Symphony No.8 In E Flat - "Symphony Of A Thousand"
Symphony No.9 In D
Rafael Kubelik's Highly Chromatic, Poetic Mahler Recordings have Been Staples in Deutsche Grammophon's Catalogue Since their Inception. Tempos Overall Tend to Be Quicker Than the Norm (Symphony No. Eight for Instance Fits ... more »Conveniently on One CD), Yet Never at the Expense of Glossing Over the Composers Renowned Wealth of Inner Details. Many Mahler Aficionados Still Regard Kubelik's Readings Here of the Symphonies No. One and No. Seven as Reference Recordings. Distinguished Soloists Include Dietrich Fischer-dieskau, Edith Mathis, Norma Proctor, Franz Crass, and Julia Hamari. The Bavarian Radio Symphony Orchestra as Well as the Various Outstanding Choirs Employed Throughout the Cycle Couldn't Be More in Sync with Kubelik's Inspired Visionary Interpretations.« less
Rafael Kubelik's Highly Chromatic, Poetic Mahler Recordings have Been Staples in Deutsche Grammophon's Catalogue Since their Inception. Tempos Overall Tend to Be Quicker Than the Norm (Symphony No. Eight for Instance Fits Conveniently on One CD), Yet Never at the Expense of Glossing Over the Composers Renowned Wealth of Inner Details. Many Mahler Aficionados Still Regard Kubelik's Readings Here of the Symphonies No. One and No. Seven as Reference Recordings. Distinguished Soloists Include Dietrich Fischer-dieskau, Edith Mathis, Norma Proctor, Franz Crass, and Julia Hamari. The Bavarian Radio Symphony Orchestra as Well as the Various Outstanding Choirs Employed Throughout the Cycle Couldn't Be More in Sync with Kubelik's Inspired Visionary Interpretations.
Mahler reviews are fun!
Wayne A. | Belfast, Northern Ireland | 07/12/2005
(5 out of 5 stars)
"OK, you're just perhaps getting into Mahler or exploring a bit and you want some good recommendations. What you encounter on any given recording is rave reviews and trash reviews, all over the map, as they say.
Well, here's the terrible truth--and the Mahler fans'll be all over me on this one; punching furiously at "not helpful" in hopes of racking up a high score.
a) Although Mahler lived and composed around the turn of the last century his music didn't really catch on until the LP era. Yup, he's largely a stereo and music collector phenomenon. What happened is that with few exceptions there really wasn't even the beginnings of a solid critical assessment or performing tradition until--jeepers--the 1960s--50 years after the guy dropped dead. That's when people started to get an idea of what he was about, and plenty of conductors, like Bernstein, laid on their own very personal interpretations, tried to "own him" in sense. Not so oddly, everyone's Mahler came out sounding differently. Bernstein's Mahler sounded like Bernstein wrote it, Karajan's Mahler sounded like Richard Strauss wrote it, and Solti's Mahler sounded like Beethoven wrote it. Honestly, I don't think anyone was really all that sure about what it was supposed to sound like. Bruno Walter may have been the only conductor to truly own him, as he was Mahler's assistant, so his recordings are a good place to start and possibly a good standard to use. Unfortunately, I don't believe he recorded them all.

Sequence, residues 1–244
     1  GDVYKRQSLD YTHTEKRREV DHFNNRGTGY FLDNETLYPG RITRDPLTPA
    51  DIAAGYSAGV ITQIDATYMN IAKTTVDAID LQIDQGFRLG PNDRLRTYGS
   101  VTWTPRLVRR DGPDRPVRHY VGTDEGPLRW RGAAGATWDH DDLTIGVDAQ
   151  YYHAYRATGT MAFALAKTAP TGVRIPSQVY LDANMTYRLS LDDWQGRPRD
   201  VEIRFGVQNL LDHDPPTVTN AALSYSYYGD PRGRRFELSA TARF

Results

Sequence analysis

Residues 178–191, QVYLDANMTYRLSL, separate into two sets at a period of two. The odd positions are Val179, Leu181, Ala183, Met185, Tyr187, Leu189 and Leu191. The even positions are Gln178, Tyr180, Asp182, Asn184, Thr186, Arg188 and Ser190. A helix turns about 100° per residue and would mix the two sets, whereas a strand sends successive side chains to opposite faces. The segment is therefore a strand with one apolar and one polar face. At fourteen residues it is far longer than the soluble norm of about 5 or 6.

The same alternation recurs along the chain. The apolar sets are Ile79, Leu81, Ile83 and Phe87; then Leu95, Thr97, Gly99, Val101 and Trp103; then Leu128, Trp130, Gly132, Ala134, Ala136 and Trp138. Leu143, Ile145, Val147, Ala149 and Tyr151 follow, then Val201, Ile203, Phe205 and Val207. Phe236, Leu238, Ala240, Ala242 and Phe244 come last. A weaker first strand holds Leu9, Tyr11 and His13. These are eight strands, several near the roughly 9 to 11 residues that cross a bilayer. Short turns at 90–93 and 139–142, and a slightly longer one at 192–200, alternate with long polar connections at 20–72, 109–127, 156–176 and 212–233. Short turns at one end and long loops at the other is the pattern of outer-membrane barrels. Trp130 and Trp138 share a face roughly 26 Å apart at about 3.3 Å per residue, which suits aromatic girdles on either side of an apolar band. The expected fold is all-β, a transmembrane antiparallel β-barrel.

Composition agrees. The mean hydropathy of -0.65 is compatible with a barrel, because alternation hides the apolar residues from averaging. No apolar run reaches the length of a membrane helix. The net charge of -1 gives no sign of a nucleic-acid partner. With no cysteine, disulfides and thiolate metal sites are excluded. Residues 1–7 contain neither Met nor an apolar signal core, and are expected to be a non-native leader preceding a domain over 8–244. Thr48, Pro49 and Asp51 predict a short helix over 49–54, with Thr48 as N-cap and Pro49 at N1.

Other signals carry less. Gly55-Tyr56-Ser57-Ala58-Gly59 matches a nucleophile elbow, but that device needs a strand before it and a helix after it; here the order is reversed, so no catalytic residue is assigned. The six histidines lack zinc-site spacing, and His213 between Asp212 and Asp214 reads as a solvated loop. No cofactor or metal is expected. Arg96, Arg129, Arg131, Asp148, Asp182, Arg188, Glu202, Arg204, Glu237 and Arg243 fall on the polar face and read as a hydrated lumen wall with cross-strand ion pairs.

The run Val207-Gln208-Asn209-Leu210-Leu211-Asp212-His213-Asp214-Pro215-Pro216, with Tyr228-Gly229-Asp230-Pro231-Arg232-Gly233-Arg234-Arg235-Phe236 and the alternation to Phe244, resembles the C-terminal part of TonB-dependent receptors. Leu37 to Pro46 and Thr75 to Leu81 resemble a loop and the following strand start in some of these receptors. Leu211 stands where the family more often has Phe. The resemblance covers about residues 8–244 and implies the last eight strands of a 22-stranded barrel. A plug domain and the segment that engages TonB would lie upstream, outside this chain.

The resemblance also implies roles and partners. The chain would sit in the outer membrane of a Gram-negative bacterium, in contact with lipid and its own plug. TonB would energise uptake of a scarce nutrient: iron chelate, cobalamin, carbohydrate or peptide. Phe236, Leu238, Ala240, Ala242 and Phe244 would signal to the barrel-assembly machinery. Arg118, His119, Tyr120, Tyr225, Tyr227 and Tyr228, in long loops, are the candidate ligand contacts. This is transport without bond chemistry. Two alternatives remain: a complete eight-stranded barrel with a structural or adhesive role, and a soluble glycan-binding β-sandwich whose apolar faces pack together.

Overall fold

b)Responses to various performances seem to reflect different individual's personal relationships with various conductors more than anything. If you don't like George Solti you aren't going to like his Mahler no matter what and boyo that's for sure.
c)Mahler gave too detailed perfomance instructions on his scores which seem to confuse people more than anything. Gilbert Kaplan--some banker or something--is an amateur who took conducting lessons and became an expert on every tiny facet of Mahler's Second Symphony. Some find his recordings of it stunning. Maybe they are, but they sound too stunning for me, like the gal too beautiful to ask out. I like my Mahler down closer to me thanks very much which means I like performances that don't shine to Mahler's OCD. I seriously doubt even Mahler conducted the same piece precisely the same way twice, giving lie to his own presumptions on this matter. If I'm wrong that was quite an achievement on Mahler's part. Anyway, all that instruction makes for a confusing experience for a conductor who may "feel" the piece slightly differently and that creates a sort of performance cognitive disssonance--a tug of war of intentions--that often shows in many recordings.